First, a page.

Aces on Bridge — Daily Columns

The Aces on Bridge: Monday, April 19, 2010

Dealer: South

Vul: E-W

A 9 4 3
6 5 2
7 5 3 2
A 8
West East
10 7 6 K J 8 2
K 10 8 3 J 9 7
K Q J 6 A 10 9 8 4
K 5 7
Q 5
A Q 4
Q J 10 9 6 4 3 2


South West North East
5 All Pass    

Opening Lead: King

“People of quality know everything without ever having been taught anything.”

— Molière

Deciding to follow the principle of bidding to the maximum at your first turn when at favorable vulnerability, you open five clubs. There are, after all, two opponents and only one partner. After everyone passes, how should you play the hand on the lead of the diamond king?


Naturally you ruff, but what do you do next? Instinct tells you to take the trump finesse, rather than playing for the trump king to drop. If West has two clubs, they are twice as likely to include the king as to be two small cards.


When the finesse holds, you would normally hasten to draw trumps and lead a heart to your queen. That would be natural — but wrong.


If the heart finesse is right, it can wait. Far better is to lead a trump to the eight at trick two, then play a spade toward your queen. If this loses to the king on your left, you can take the heart finesse later on. If East has the spade king, he must use it or lose it. His best play will be to shift to a heart, and now comes the next trap. If you finesse, West wins his king and plays back his second club to cut you off from the spades. Instead rise with the heart ace, unblock your spade queen, draw the last trump, cash the spade ace to pitch a heart, and concede one trick to the heart king.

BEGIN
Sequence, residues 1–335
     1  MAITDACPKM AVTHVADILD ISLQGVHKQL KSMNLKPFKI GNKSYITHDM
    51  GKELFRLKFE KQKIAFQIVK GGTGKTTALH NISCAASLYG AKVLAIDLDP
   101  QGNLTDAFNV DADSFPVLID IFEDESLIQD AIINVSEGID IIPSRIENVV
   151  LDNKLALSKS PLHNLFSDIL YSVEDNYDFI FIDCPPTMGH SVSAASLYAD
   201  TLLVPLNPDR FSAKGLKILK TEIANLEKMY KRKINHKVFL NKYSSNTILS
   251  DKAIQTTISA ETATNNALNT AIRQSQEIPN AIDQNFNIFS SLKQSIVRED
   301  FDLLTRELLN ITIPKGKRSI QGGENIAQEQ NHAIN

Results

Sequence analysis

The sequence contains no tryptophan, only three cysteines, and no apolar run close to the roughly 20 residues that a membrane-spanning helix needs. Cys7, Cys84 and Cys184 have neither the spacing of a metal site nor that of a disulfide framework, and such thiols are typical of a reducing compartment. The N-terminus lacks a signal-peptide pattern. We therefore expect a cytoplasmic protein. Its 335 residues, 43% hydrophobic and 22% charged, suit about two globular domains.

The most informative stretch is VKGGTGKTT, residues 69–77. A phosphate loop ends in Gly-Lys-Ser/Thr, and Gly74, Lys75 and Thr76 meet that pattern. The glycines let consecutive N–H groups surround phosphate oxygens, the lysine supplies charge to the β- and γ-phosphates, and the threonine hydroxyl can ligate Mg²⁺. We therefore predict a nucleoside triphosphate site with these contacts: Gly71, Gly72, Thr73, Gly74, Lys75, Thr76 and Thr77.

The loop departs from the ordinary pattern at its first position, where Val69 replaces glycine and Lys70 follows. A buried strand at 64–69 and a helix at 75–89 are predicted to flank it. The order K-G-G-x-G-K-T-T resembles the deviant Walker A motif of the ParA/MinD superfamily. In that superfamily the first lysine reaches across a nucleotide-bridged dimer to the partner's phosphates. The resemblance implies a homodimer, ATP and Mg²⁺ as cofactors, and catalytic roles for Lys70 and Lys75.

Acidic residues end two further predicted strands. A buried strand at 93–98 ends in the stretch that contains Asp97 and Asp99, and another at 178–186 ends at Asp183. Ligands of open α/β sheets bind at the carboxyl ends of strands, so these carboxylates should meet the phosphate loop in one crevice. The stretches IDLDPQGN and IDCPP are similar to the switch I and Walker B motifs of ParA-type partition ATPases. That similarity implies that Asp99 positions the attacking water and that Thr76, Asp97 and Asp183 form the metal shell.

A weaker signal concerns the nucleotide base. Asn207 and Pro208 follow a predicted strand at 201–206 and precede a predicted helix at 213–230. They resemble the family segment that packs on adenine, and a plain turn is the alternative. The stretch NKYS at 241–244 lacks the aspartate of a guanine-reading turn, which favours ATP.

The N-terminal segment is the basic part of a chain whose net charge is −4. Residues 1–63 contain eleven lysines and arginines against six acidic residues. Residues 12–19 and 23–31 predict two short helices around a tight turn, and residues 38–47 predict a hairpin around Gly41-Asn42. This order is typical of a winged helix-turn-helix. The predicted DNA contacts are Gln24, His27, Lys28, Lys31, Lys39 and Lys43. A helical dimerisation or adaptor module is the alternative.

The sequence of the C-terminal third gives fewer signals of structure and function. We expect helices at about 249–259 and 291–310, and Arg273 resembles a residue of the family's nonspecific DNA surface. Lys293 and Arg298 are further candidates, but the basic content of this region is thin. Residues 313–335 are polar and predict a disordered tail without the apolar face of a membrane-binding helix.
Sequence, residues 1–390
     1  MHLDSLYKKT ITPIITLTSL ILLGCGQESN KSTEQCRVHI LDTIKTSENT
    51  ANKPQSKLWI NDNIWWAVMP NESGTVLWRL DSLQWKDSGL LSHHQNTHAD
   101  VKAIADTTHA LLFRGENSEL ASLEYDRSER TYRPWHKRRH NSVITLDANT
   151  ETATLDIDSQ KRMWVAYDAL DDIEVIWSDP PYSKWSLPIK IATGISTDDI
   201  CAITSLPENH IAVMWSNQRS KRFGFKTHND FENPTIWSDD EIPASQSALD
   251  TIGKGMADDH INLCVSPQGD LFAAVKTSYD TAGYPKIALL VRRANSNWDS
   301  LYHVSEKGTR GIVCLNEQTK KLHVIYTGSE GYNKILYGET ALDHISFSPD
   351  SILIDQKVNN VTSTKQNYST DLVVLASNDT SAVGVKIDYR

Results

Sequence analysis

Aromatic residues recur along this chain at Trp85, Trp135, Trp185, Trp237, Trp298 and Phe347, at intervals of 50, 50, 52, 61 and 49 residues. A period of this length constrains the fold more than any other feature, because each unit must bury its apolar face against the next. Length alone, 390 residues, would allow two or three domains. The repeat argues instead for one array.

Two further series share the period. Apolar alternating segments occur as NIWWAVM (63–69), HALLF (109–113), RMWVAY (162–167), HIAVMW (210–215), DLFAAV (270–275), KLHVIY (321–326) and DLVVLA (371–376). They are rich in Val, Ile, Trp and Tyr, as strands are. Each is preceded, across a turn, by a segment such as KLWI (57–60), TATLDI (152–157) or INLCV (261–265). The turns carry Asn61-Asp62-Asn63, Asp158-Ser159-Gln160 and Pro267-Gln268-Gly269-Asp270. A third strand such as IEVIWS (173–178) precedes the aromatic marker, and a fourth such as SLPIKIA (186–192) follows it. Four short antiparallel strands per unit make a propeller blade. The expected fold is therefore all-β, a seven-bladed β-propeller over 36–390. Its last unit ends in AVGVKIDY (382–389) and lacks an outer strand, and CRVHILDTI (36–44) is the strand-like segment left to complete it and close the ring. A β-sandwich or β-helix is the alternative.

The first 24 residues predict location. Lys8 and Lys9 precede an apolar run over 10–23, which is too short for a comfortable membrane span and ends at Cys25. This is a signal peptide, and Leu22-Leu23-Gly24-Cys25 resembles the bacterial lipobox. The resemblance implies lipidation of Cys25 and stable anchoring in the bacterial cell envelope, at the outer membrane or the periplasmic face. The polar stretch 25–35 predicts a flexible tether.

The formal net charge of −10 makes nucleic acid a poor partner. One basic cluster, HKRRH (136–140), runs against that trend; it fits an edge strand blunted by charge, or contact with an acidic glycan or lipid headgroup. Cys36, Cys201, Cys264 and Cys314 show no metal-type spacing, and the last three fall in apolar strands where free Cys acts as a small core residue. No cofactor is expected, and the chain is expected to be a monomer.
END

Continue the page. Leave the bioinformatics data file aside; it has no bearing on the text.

ANSWER: Opinions differ on whether you should trust the opponents in auctions like this. If you had a sensible alternative to a heart lead, you might make it; but nothing else looks remotely attractive, and East may well have no more than a single heart stop. So lead a fourth-highest heart as your best chance to set up and cash winners for your side.


South Holds:

Q 4
K Q 9 5 2
A 7 4
J 4 2


South West North East
1 1 Pass 1 NT
Pass 2 NT All Pass  


For details of Bobby Wolff’s autobiography, The Lone Wolff, contact If you would like to contact Bobby Wolff, please leave a comment at this blog. Reproduced with permission of United Feature Syndicate, Inc., Copyright 2009. If you are interested in reprinting The Aces on Bridge column, contact